It's really a wonder I haven't dropped all my ideals, because they seem so absurd and impossible to carry out. Yet I keep them, because in spite of everything, I still believe that people are truly good at heart. ---Anne Frank
It's hard to believe that the events of the past week have really unfolded, just fifty miles away from where I live. The Millard South shooting was a harsh awakening for everyone. It reminds us how truly fragile life is, and that every action and interaction, no matter how small or insignificant it may seem, impacts us all. To the victims and their families of the Millard South shooting, you have my prayers, my thoughts, my condolences.
I may be going out on a limb here, and I hope I don't receive horrible comments for it. But I started to think about the shooter, Robert. I started to think about how, in his final words, he spoke about how awfully he was being treated at his new school. From an educational perspective, this breaks my heart, that students can't reach out to someone who is so obviously in need of a friend in a new and scary environment. He was just a kid who needed someone to talk to.
What is the responsibility of the educator here? The head of the English department at the school where I am student teaching spoke to our cohort about the responsibilities of a teacher that go far beyond the importance of following the curriculum. She said that "we need to be good humans to them." I won't ever forget that. Robert needed a someone to be a good human to him. Research has proven that adolescents need to feel that they have an adult who cares about them at school. Think about it. They spend nearly 8 hours a day at school, and if not a single adult in their lives during that 8 hour period makes an effort to be a good human to them, they won't feel wanted there. He was a kid who probably fell through the cracks of adults like many who so easily slip into the crowd.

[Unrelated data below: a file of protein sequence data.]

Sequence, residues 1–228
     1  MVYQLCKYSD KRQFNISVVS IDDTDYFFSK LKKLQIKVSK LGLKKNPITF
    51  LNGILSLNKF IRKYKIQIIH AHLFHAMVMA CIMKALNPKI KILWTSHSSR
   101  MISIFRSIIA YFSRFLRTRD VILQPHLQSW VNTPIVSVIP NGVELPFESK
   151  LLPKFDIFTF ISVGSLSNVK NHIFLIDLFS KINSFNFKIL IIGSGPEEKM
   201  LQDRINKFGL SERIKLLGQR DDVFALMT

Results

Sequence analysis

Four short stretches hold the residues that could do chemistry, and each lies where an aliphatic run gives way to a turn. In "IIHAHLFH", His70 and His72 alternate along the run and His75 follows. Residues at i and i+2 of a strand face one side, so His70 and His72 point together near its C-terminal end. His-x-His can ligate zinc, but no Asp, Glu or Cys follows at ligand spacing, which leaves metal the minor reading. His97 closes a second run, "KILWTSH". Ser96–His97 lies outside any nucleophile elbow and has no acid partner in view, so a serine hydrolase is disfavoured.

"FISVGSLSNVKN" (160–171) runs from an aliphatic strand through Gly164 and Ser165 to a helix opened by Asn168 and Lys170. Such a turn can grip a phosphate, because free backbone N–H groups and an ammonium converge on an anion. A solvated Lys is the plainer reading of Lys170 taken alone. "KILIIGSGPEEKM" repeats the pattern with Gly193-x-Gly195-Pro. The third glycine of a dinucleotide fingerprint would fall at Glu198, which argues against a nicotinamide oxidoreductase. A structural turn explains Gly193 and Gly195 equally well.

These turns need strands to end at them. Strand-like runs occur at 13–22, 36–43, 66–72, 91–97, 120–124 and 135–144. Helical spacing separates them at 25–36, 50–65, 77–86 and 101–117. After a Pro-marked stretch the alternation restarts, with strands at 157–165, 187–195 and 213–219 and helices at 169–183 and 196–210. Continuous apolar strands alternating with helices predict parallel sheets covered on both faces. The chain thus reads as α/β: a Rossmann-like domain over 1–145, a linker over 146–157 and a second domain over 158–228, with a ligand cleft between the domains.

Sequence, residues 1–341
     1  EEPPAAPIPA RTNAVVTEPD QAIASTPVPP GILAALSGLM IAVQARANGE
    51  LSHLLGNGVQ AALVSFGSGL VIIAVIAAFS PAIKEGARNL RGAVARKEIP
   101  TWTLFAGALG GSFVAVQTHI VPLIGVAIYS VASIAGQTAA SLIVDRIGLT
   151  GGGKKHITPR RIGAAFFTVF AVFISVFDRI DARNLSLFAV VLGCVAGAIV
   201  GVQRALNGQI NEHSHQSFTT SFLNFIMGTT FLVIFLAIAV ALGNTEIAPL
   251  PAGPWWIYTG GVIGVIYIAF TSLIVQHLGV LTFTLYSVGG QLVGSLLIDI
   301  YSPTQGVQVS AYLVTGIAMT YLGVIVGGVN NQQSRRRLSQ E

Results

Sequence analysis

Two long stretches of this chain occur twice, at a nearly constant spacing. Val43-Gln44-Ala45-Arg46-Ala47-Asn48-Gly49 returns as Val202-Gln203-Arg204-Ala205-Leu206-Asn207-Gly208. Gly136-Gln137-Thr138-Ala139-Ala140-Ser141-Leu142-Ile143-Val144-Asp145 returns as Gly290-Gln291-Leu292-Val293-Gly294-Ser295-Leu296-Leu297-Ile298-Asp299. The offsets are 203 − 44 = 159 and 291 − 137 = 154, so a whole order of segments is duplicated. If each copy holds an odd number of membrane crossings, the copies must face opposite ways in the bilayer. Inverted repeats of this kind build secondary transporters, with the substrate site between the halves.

I observed my cooperating teacher last Thursday. One thing I noticed was how he made a point to be in the classroom as the students came trickling in before class to talk with them. Although some got more attention than others, almost every single student got some form of acknowledgement from him. I now see how essential all of this truly is for adolescents to feel like they are wanted. I had adults who cared about me at school-and I didn't realize it at the time, but I have a feeling that they carried me through during some dark and depressing moments that high school brings sometimes.
My first "official" day is Wednesday but I am going in Monday. I need to start getting next week (when the new semester begins) in order. This is a semester-long job interview. I want to make the most of every day and knock the socks off every teacher and administrator I come into contact with. Thankfully, I have some awesome cohort peers that are also student teaching at the same school, so I won't be too alone in all of it. The English department eats lunch together, so I will get to see them every day.
All right, dear reader. Thanks for taking it all in with me-quite a long entry, but I feel it to be entirely necessary. I'm off to spend some quality time with the American Lit textbook to hash out ideas for units.
I look back on all of my experiences and I am overwhelmed with gratitude.